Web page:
Still, when Gunther Cunningham’s defense is on song, it can cause mayhem, as the platoon generated seven defensive touchdowns, 41 sacks, and 17 forced fumbles a year ago. Much of the disruptions originate along the DL, however, which is why getting Suh back in good spirits is so crucial. Most of the eye-opening stats by last season’s Detroit “D” came earlier in the season (and before Suh’s most-infamous meltdown in the Thanksgiving Day loss to Green Bay), not down the stretch when the Lions played .500 ball the last two months of the season.

Cunningham has a deep DL, however, that can somewhat compensate for Suh’s flightiness by rolling eight players in and out of the lineup. Still, Suh’s unpredictability, and the iffy status of another high-profile DT, ex-Auburn star Nick Fairley, are causes for concern. Fairley, who performed in spurts as a rookie a year ago, could be looking at a league-mandated suspension stemming from an offseason DUI, although the trial date has been postponed until November. Whether commissioner Goodell waits until then, or acts unilaterally beforehand, regarding Fairley’s fate, remains to be seen.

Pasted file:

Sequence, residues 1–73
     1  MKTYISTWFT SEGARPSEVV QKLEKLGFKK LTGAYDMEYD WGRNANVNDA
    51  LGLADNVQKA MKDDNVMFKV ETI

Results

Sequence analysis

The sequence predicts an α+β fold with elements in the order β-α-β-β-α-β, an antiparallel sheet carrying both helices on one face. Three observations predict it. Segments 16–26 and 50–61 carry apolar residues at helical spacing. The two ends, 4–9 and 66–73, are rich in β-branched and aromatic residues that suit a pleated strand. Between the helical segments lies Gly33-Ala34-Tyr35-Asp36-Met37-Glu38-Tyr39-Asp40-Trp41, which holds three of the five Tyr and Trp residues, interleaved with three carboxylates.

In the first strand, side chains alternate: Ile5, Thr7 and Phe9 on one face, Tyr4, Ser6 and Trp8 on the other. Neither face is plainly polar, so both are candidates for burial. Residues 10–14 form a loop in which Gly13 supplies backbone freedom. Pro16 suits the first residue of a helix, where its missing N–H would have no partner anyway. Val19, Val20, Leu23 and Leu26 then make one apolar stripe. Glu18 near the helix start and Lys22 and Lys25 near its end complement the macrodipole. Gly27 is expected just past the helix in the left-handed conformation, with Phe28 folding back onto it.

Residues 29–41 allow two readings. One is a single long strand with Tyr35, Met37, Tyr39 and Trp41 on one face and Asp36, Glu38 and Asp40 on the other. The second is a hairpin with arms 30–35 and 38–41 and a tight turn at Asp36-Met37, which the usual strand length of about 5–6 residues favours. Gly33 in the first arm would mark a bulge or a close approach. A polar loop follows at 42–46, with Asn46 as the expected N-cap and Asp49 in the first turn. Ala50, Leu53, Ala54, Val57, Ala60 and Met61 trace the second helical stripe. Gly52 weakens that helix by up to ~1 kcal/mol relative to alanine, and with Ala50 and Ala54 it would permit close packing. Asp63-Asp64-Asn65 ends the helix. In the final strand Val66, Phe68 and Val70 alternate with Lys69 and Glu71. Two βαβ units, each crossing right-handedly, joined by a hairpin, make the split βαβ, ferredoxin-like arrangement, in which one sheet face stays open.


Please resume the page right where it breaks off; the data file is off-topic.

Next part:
Cunningham has some other concerns with his platoon as preseason progresses, namely at the safety spots, which are currently a mess after starting FS Louis Delmas underwent knee surgery early in training camp and starting SS Amari Spivey battles concussions through preseason, putting his availability in question. Head coach Schwartz indicated more roster moves could be forthcoming after hastily signing ex-Chief S Reshard Langford after the opening preseason loss to the Browns.